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Tuesday, December 25, 2012

Christmas 2012
Posted by Jill | 9:53 PM
Christmas sort of sneaked in on little cat feet this year, even though they were the little cat feet of Maggie, who true to form, was yowling at the door at 5:30 AM demanding her breakfast. Ever since Maggie has been on the prednisolone for her inflammatory bowel disease, she's been like a pothead in a Pathmark, constantly wanting to eat. But aside from Maggie, there's a stillness in the air this morning -- a stillness I usually savor on Christmas Eve, but this year we skipped our traditional Christmas Eve Indian dinner in favor of an aggressively unhealthful lunch at a local many-beers-on-tap local pub with my sister and brother-in-law before seeing them off to their home in North Carolina, to which I too will soon be traveling to begin the daunting task of sorting through our hoarder mother's worldly goods, separating the wheat from the chaff. It's enough to make me want to conjure up the old Clean House gang.

Mom always hated the holidays. I blame Norman Rockwell, for conjuring up images of happy families in a timeless America. Mom always felt like the Little Match Girl during the holidays, looking in on mythical images of happy, harmonious, loving families gathered around the Christmas tree and eating a lovingly-prepared meal. In her fantasy world, grandparents were loving, children were appreciative, and she could feel like she belonged. Mom would get depressed every year around this time, and this only became worse after her husband died right before New Year's in 2000. She never was able to let go of her grief for the next twelve years, which might make you think that hers was a lovely story of second chances at true love, were it not for the reality that six months before her husband became ill, she told me she wanted to leave him, take their Rottweiler and move to New York City. It wasn't that he was a bad person, it was simply that he had been unable, despite jumping through hoops for a quarter of a century, to fill the giant, gaping void at the center of her soul. It wasn't until much later that Mom figured out that it was SHE who was unable to be happy, not that others couldn't make her happy.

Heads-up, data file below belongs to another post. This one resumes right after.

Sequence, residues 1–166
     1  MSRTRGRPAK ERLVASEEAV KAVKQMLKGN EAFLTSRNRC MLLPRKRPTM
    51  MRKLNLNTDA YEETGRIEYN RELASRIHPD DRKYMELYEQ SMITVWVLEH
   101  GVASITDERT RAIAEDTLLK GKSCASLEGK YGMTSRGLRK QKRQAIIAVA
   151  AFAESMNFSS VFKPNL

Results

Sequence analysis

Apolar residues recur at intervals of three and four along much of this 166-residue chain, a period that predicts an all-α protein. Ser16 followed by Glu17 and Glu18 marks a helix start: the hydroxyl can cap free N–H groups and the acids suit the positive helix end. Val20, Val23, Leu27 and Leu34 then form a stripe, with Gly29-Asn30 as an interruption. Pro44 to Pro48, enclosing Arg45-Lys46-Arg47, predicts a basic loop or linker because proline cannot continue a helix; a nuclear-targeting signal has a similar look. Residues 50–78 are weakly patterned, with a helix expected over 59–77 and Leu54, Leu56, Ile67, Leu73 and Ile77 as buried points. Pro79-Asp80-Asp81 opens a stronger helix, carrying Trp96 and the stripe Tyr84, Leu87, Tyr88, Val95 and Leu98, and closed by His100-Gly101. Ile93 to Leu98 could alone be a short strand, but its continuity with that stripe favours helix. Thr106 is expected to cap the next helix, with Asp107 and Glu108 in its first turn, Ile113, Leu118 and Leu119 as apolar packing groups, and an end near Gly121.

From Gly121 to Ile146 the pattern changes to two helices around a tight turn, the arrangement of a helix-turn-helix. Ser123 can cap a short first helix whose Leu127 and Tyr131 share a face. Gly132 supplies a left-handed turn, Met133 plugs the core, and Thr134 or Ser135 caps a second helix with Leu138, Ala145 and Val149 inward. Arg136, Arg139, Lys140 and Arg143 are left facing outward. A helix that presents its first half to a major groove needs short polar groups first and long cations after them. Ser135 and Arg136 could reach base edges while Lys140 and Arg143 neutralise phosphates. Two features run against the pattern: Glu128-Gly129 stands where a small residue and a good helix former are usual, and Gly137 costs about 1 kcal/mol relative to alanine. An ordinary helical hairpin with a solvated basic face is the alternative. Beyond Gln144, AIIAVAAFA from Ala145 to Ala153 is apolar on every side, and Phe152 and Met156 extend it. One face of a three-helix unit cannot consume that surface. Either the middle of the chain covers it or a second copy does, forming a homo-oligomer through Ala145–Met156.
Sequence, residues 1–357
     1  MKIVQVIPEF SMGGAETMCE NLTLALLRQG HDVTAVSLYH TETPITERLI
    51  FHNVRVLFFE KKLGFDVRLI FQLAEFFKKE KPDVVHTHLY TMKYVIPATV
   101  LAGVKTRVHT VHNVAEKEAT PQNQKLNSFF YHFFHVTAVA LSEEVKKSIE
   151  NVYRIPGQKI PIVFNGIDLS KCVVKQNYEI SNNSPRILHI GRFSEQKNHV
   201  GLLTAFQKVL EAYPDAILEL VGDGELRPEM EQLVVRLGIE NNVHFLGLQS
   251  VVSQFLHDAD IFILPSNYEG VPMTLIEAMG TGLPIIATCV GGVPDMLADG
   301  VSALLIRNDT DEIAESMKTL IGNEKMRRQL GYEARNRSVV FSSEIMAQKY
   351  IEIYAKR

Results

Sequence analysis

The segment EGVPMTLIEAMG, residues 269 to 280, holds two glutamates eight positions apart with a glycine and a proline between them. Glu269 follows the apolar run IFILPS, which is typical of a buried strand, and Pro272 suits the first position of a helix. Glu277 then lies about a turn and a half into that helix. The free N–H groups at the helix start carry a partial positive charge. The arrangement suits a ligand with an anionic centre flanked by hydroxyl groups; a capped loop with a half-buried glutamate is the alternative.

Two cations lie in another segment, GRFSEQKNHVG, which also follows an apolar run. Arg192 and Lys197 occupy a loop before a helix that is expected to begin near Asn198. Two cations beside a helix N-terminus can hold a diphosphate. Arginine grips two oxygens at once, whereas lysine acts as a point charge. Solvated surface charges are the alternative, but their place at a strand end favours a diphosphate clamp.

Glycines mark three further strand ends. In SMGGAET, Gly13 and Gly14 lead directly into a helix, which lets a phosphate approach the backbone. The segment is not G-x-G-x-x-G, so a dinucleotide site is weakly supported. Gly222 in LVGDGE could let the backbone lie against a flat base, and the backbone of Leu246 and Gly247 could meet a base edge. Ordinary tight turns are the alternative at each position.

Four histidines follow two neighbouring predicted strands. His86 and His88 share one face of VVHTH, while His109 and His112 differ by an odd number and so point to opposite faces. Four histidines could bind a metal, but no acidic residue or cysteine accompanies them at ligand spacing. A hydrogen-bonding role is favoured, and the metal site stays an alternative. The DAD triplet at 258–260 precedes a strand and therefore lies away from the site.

Mom had almost departed in late September, when the COPD she'd developed after surviving over two decades since lung cancer surgery while continuing to smoke resulted in a dangerous hypercarbia. She'd had a psychotic episode and landed in the hospital, where she insisted that she'd been picked up in the gutter in Philadelphia while wearing a leopard coat at a protest of some sort, she'd been taken to a basement where they'd cut her hair and tortured her in vile ways. It was at least a week before she realized it had been a hallucination. They didn't do anything in the hospital except keep her oxygenated, and after about five days, we were able to get her a placement in an assisted living residence so that she could be released from the hospital.

She'd been deteriorating again the last week or so before my sister was able to line up help so she could go home. She'd been in hospice care for a while, and when she'd become agitated, the hospice people would give her anti-anxiety medications so she wouldn't gasp for breath as her failing heart and hopelessly damaged lungs became unable to do the job any longer.